Africa’s growth is slowing dramatically, says the International Monetary Fund, and is likely to be 3.75% this year and 4.25% next year. It could get worse if the global economy does not grow.
Ethiopia saw soaring demand yesterday (4 Dec) for its debut $1bn Eurobond, after a quick US roadshow. Total demand was $2.6bn and the yield on the 10-year bond was settled at a relatively low 6.625%.
The first Eurobond issued by Rwanda, due to mature in May 2023, raised $400 million at 6.875% and the money will go to start generating hydroelectricity by December with further expansion in June 2014 and also pay for airline expansion and a convention centre.
Sunil Benimadhu, CEO of the Stock Exchange of Mauritius and re-elected President of the African Stock Exchanges Association (ASEA) told the opening session of the African stock exchanges this morning that the world is changing, by 2050 African economies such as Nigeria and Egypt will be among the world’s biggest economies. Africa’s capital markets should play a key role in investment flows to drive this growth.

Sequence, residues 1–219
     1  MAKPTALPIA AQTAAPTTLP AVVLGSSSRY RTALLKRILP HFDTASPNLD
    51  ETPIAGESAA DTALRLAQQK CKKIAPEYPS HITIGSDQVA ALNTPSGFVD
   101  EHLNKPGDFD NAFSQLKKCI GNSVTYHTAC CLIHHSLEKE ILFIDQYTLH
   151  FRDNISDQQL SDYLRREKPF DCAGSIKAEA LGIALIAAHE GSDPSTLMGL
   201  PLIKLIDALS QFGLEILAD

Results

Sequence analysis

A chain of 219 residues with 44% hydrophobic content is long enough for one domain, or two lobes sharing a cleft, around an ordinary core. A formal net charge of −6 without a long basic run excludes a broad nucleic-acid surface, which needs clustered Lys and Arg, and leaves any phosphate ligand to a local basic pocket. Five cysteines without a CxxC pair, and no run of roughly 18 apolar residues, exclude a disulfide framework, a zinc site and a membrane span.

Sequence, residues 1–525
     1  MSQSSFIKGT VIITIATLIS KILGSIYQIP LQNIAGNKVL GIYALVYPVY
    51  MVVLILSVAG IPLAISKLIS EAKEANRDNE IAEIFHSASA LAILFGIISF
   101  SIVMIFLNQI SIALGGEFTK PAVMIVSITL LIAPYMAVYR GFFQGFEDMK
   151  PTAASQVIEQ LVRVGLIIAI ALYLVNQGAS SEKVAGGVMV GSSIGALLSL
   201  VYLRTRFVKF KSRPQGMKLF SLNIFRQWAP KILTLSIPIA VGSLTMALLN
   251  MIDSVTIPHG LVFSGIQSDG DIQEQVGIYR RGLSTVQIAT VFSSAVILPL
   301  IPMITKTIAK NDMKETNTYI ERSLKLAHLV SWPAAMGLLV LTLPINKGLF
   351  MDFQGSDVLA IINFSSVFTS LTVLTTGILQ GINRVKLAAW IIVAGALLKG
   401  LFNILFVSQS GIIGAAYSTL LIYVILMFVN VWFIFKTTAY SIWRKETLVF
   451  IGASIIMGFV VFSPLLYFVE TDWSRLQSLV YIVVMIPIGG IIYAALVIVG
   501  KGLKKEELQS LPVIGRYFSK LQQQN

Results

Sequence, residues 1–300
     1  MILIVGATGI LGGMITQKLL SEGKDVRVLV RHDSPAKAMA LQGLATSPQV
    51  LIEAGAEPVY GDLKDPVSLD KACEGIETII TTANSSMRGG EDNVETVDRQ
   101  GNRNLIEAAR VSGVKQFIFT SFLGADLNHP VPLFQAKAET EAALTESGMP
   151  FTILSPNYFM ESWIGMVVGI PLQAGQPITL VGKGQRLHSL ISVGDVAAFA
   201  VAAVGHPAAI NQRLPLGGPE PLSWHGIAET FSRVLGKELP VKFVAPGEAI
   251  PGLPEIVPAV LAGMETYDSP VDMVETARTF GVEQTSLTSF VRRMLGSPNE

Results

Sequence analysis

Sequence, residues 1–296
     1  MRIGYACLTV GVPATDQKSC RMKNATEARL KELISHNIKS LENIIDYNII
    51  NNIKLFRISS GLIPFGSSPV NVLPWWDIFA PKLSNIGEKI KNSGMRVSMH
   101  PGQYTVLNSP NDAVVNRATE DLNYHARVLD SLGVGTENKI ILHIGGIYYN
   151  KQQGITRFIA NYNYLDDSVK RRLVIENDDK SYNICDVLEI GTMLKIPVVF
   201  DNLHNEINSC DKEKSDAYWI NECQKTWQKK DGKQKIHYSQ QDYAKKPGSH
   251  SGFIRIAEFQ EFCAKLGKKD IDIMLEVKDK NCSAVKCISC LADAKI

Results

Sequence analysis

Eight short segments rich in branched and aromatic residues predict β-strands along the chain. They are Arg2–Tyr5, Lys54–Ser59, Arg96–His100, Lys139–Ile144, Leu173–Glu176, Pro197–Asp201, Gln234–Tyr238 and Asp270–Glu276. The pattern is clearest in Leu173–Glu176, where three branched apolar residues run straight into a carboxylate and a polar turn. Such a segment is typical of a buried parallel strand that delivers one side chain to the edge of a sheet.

Mark Voss of fund manager Silk Invest foresees a turning point for the Egyptian market in a recent note. He also notes growth in Tunisia, with companies back to pre-revolution levels, tourism boom in Morocco, giant growth in Ghana and telecom payments innovation in Kenya.